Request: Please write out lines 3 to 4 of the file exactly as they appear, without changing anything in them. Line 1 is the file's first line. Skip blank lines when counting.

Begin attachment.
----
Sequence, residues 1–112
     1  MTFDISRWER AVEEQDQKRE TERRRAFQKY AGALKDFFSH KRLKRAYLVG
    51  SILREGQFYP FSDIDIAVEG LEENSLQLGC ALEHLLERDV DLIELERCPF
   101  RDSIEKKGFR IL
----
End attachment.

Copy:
    51  SILREGQFYP FSDIDIAVEG LEENSLQLGC ALEHLLERDV DLIELERCPF
   101  RDSIEKKGFR IL